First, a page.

Save the Doom and Gloom; Embrace the Facts
By Gary Howe | Aug. 11, 2018
Quite possibly, the world is getting better.
Unfortunately, we aren’t that inclined to accept the promising results. This is because our views are muddled by instincts that distort how we see the world. And it is this distorted understanding that stifles progress and leads to poor decisions of great consequence — or so argues the authors of “Factfulness: Ten Reasons We're Wrong about the World — and Why Things Are Better Than You Think.”
Before you read further, please take this mini-quiz about the state of the world:
1. Where does the majority of the world population live?
(a) Low-income countries
(b) Middle-income countries
(c) High-income countries
2. There are 2 billion children in the world today aged 0-15 years old. How many children will there be in the year 2100?
(a) 4 billion
(b) 3 billion
(c) 2 billion
3. The UN predicts that by 2100 the world population will have increased by another 4 billion people. What is the main reason?
(a) There will be more children aged below 15
(b) There will be more adults aged 15–74
(c) There will be more very old people aged 75 and older
After you review the answers (below), the chances are that you will find yourself in an elite majority. The lead author of “Factfulness,” the late physician, academic, and statistician Hans Rosling, asked the same 13 questions, including the three above, for over a decade across the globe. He asked teachers, journalists, economic, and political leaders. He asked Nobel laureates. Everyone consistently scored less than 33 percent correct. Or, as he playfully liked to say, people who have taken this test seem to statistically know less about the world than chimpanzees.
Personally, the first time I took the quiz I was surprised that I scored 6 out of 13. I thought for certain that a geography teacher who had actually spent 10 years using Rosling’s data-rich Gapminder World tool in the classroom would fare better. Instead, my brain led me astray, even if I scored slightly higher than the average chimp choosing bananas.
"There’s no room for facts when our minds are occupied by fear.”
In “Factfulness,” Rosling and his co-writers — his son, Ola, and daughter in-law, Anna Rosling Rönnlund — organize the book of world development and health data into chapters that are focused on 10 instincts they believe hinder our ability to see the world clearly. For example, we tend to focus on extremes instead of more truthful middles (Gap Instinct). We are also prone to negativity, which explains why quiz takers tend to grossly underestimate the progress we have made in lifting people out of poverty (Negativity Instinct). Further, we are fearful beings and tend to overestimate risks from all the negative news surrounding us (Fear Instinct). Interestingly, the higher the test-taker’s education accomplishments, the more frequently the wrong answers tend towards the negative. As Rosling writes, “Almost everyone thinks the world is more frightening, more violent, and more hopeless than it really is.”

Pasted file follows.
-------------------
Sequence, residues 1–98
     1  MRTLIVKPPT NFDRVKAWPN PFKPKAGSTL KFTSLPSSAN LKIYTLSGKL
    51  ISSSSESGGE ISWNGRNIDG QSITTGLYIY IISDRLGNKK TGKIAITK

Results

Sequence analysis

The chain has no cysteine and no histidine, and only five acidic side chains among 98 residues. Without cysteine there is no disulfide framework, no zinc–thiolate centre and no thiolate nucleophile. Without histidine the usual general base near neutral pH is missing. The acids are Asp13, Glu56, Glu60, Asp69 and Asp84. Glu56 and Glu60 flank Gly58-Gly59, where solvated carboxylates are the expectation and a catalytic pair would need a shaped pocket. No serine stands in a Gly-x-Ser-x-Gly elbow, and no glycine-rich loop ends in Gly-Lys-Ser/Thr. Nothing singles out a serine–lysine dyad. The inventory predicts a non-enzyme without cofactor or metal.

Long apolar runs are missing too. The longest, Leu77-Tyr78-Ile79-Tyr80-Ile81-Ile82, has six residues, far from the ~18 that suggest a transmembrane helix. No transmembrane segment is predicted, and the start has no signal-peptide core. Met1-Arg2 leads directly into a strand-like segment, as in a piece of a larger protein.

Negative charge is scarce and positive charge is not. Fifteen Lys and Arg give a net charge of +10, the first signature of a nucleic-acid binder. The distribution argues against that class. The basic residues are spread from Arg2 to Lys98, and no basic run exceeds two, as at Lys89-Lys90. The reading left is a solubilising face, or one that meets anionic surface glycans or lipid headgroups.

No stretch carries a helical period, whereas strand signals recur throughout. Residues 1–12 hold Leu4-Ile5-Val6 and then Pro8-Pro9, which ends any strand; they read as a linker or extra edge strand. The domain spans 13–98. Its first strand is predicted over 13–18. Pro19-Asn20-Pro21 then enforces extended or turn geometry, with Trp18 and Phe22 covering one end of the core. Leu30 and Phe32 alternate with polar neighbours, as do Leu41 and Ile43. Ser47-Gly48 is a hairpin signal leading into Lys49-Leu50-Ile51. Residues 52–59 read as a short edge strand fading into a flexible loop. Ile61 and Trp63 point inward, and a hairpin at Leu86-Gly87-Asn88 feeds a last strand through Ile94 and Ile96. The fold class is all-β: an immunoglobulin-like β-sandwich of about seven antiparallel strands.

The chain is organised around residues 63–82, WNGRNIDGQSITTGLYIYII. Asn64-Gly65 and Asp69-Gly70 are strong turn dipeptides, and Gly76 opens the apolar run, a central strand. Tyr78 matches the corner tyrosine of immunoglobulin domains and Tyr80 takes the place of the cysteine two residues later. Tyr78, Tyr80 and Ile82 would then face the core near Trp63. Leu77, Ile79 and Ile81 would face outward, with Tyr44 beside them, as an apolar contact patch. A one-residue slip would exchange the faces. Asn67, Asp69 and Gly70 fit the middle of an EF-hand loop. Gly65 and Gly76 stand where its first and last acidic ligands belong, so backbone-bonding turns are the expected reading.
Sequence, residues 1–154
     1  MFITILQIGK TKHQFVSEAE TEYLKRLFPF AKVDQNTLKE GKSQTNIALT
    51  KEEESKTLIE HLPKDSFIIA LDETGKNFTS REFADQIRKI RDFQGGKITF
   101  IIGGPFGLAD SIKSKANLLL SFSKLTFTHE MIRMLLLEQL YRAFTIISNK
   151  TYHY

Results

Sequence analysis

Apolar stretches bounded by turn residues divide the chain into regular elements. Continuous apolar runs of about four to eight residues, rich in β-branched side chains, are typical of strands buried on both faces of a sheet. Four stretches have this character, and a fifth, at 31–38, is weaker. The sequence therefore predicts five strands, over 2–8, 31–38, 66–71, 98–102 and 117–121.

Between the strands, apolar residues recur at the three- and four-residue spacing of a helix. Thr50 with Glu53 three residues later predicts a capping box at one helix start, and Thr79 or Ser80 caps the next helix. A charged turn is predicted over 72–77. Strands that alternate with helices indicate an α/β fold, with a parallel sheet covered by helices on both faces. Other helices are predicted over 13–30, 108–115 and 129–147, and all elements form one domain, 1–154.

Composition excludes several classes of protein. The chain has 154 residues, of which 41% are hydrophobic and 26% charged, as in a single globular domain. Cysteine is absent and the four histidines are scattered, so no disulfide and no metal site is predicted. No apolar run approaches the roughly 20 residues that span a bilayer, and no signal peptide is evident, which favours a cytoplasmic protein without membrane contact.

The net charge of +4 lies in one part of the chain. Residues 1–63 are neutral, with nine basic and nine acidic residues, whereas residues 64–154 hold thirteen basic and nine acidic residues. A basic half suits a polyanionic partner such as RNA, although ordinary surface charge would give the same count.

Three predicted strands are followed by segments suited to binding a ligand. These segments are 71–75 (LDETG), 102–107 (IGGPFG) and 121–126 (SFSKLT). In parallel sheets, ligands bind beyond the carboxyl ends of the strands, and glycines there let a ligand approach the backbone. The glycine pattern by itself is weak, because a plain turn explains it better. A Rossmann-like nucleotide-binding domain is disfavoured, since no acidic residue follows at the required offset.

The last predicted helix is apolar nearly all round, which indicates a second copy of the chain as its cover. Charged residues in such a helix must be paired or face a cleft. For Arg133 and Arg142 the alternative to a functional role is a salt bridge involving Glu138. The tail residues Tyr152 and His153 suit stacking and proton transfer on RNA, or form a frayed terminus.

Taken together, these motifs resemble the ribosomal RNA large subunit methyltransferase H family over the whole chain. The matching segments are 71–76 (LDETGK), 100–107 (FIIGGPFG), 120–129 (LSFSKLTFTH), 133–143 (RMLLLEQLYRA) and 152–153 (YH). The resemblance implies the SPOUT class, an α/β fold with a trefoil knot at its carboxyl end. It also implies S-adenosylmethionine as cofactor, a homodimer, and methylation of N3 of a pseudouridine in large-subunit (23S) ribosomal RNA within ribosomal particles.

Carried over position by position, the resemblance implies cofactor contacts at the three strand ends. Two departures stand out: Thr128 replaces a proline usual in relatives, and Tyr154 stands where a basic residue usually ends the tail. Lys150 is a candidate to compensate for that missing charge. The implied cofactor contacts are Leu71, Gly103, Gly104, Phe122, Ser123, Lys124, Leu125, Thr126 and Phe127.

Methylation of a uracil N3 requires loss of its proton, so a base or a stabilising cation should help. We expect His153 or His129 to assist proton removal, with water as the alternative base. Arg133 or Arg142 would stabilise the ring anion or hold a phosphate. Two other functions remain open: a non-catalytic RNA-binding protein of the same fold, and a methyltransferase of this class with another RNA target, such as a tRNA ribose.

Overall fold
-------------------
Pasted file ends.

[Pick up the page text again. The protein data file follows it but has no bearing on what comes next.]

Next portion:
I understand a book about global health and development facts isn’t everyone’s idea of a relaxing summer read. However, swaying in my hammock and escaping into a world of indisputable facts offered me a well-needed balance and perspective counter to the hyperactivity of news and blather of current affairs. It was refreshing to be guided through factual data with compelling anecdotes and insightful contexts.
The story of the world over the last 200 years is one of undeniable improvement. We are living in a time when a higher percentage of the world than ever is living wealthier, healthier, and with more opportunities. In fact, in the last 20 years alone, extreme poverty has been cut in half.
The world’s development is unbalanced and the wide gaps between the world’s 1 billion people living in extreme poverty — those earning less than $2 a day, cooking over an open fire, sleeping on a dirt floor — and the 1 billion who are wealthy enough to own cars and spend over $32 a day is a source of much strife. In between, however, there are 5 billion of us struggling and living middle-income lives that are at a similar level as most of the world’s richest countries were in the 1950s: There is running water, a refrigerator, a washing machine, and a stove in the home.
We are certainly in an era of truthiness. It is a time when what we know as facts are routinely challenged by those in positions of power, if not prestige. It can be downright depressing. However, when we take a breath, slow down, and sit with the facts, we will see a world of possibilities and uplift. That’s some welcome, good news for a change. We’d be wise to remind ourselves of it from time to time.
Answers: 1) b. Middle-income countries; 2) c. 2 billion; 3) b. There will be more adults ages 15–74. You can take the full 13 question quiz at gapminder.com.
Gary L. Howe taught in the social science department at NMC for 13 years. He encourages readers to visit the websites Gapminder and Gapminder World, the latter a bubble-graph tool that compares countries’ development since 1800. Begin by watching life expectancy against income per person, then move on to other data comparisons.